Mark: Yeah, you do, definitely. You have to kind of just know that that’s what your core is, and then push it out, and then from there, see what the feedback comes, see what feedback you receive. Tweak, readjust, move. It’s like rinse and repeat kind of thing. But it’s, in a sense, rinse, slightly, dye it a different color. Push it out there, try it again. Slightly alter this part. Push it out, try it again. It’s about tweaking in that way, the need to tweak is very important.  

Rex: Speaking of making these, you’ve talked about Singapore construction examples, but let’s talk about Singapore and the APAC region and content marketing. It’s so complex. I mean, you and I, Nicole, we’ve had conversations, we talked in London about some of this stuff and just oh, my gosh, just how much diversity there is, even within single countries, let alone the region. So, it’s incredibly complex, and I think from a lot of our clients, US-centric perspectives, it’s just like, well, here’s a core piece of content. Just translate it. It’ll be fine. Yeah. You don’t love that, I’m sure.  

Mark: I mean, no, of course I don’t, because it’s a bit of a waste, I feel, especially if, like, translating it. Okay, glad you did that. But it’s just that’s really quite base level because there are a lot of references, there’s a lot of nuance you’re right. In individual countries as well, in different seasons, in different periods of time. And yeah, the APAC region is made up of many, many different many, many different kind of different cultures, different countries, different languages, and it’s going to be quite difficult to just translate it. We try our best as much as possible to localize it. We really want to try and keep it as close to relatability as possible. One of the things I think I tend to say that’s important when it comes to good content is really about being that like whether it’s insightful and relatable is going to be important because of that research that you need to put in to actually get there. But it’s also got to be kind of authentic as well and also got to be consistent and resident from there. The authenticity is going to be quite important as well.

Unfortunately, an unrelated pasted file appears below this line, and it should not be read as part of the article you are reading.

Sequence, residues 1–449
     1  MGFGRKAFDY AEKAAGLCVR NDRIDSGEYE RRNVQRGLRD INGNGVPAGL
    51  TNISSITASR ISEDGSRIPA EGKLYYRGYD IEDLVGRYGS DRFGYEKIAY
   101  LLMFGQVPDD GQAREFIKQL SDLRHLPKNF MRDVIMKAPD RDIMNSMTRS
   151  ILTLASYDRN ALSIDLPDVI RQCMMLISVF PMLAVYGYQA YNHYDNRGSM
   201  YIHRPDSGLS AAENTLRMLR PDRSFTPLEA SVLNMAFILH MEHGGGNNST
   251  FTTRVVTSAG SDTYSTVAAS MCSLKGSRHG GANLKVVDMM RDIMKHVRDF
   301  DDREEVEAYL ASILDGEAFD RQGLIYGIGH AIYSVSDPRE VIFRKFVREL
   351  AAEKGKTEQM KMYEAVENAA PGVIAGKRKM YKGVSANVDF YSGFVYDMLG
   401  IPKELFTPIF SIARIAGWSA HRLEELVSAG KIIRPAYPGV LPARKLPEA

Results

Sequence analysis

I think you had Simon, Bilbo, on the call before, and one of the things he mentioned was how a lot of he’s seen possibly some brands or some businesses who try their best to just cater to what the audience wants, just that’s it, right? And then they lose sight of who they are as a brand. And that’s also important to be aware of. Don’t do that. You need to be very authentic to who you are as well and figure out how to find that real connecting block between or a connecting insight or connecting… 

Nicole: Tissue! 

Mark: Is that the word tissue? Is that where the term tissue session comes from? I asked several people. Nobody has given me a definitive answer.  

Nicole: Wait, what term? 

Mark: Tissue session?  

Rex: My mind goes to different places.  

Nicole: Yes, I think therapy. Right. Like a tissue set, like sobbing. 

Rex: My mind goes to ‘Forgetting Sarah Marshall’, “are those happy tissues? Or sad tissues?”,  

Mark: Oh, that’s funny. But yeah, it probably wouldn’t make a very loud resonance. I always believe that there are many different types of tissue sessions, it doesn’t matter anyway. So, what I think is really important is really trying to find, like, being authentic to what the brand is all about and what it really can do, what it says it does and what it actually does. And then finding that connecting tissue, as we eventually decide, connecting tissue to where it’s to the audience that they’re trying to engage with.  

I mean, it’s a tough job. I mean, if it wasn’t a tough job, there wouldn’t be roles set up for it. So, it’s a tough one. It’s more than just translation. It’s a bit more about showing them that you actually care, you know that you actually give a crap about them. That’s important. One of the things that we try our best to do is build in and I always say that when you’re creating this content strategy, when you’re creating this and how we’ve kind of structured it, it’s kind of like a sphere when we’re building it out. But essentially, we look at it as when you’re creating your core content strategies, you’re essentially building a space that you want your audience to feel welcome and you want your audience to feel like they want to be there, and they want to actually engage with you.